Frequently Asked Questions - Food & Culture

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Food & Culture

You're in luck. Rod Walters is a sake sommelier and educator, and he also knows plenty about shochu too. We can arrange exclusive guided visits to sake breweries with tastings. You'll learn how sake is made, the many different varieties of sake, and most importantly, how to enjoy sake. We can also arrange sake dinners, where delightful food and sake are paired. Brewery visits and dinners can be combined into an educational and enjoyable program.

These options are suitable for groups of five or more. They're ideal as part of a MICE program, especially from the point of view of incentives and team building.

Although geisha are typically associated with Kyōto and Tōkyo, geisha are also active in Shikoku. Let it be said right away – geisha are consummate entertainers. Whatever their age (and not everybody is young), they offer traditional Japanese style, music, dance, conversation, games and hospitality, which can be enjoyed equally by women and men. Their services are typically provided in the context of good food and drink.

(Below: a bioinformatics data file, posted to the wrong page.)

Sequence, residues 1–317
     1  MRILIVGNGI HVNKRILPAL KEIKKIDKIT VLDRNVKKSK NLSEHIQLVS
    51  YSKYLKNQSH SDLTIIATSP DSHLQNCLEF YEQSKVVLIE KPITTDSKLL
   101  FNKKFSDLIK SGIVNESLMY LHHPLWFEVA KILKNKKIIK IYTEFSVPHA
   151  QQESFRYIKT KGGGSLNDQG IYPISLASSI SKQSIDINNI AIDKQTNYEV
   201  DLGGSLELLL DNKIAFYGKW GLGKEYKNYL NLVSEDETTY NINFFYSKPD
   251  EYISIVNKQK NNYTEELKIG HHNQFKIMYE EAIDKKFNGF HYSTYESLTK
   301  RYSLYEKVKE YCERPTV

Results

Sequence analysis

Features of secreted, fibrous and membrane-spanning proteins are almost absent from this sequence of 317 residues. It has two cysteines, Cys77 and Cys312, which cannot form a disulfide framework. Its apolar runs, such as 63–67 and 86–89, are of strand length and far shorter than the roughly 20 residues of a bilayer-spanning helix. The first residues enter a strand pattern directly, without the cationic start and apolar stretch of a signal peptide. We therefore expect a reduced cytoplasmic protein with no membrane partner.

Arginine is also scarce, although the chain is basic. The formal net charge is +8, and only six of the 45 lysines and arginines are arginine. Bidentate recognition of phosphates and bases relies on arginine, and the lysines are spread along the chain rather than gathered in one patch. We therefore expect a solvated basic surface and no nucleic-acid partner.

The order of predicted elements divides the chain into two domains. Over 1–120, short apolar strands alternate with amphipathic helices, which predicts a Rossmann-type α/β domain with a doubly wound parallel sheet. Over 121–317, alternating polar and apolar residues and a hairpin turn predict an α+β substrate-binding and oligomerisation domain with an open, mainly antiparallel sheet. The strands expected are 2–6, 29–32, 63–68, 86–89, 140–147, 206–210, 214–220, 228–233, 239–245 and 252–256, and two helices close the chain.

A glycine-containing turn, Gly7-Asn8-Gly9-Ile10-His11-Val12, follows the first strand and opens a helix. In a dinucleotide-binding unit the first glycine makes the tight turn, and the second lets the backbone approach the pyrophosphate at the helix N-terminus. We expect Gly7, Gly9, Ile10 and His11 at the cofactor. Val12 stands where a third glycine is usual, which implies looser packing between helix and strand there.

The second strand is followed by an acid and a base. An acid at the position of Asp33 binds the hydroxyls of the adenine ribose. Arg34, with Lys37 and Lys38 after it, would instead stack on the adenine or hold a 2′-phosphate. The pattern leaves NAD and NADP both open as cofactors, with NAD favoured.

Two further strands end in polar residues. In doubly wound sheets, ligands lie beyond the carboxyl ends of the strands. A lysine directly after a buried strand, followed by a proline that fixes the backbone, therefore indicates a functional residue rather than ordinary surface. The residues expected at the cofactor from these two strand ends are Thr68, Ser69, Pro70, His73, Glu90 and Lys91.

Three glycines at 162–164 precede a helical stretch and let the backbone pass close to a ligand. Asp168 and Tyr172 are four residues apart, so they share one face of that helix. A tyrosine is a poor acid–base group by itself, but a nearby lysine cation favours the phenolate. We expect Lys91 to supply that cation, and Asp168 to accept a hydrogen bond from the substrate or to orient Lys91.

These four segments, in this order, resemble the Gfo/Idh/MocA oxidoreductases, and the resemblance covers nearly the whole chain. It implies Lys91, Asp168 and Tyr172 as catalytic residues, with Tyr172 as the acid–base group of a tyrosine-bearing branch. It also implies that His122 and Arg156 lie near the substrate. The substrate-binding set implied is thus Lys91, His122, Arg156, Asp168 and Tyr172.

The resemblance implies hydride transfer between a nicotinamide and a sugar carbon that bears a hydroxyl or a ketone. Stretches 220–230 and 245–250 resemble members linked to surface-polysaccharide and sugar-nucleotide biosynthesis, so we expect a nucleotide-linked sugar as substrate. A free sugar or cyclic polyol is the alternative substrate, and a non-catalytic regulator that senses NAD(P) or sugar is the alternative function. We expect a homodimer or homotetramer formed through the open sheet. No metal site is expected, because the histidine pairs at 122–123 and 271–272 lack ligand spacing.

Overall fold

For more detailed information, see our blog post (opens in a new window).

No. The widely believed notion that Japanese eat raw fish all the time is incorrect. Raw fish (sashimi and sushi) play quite a small part in the typical Japanese diet. Fish is more often served cooked (grilled, stewed, steamed and so on) than uncooked. And the Japanese also eat a lot of meat too. So if you don't fancy eating raw fish, it's easy enough to avoid it.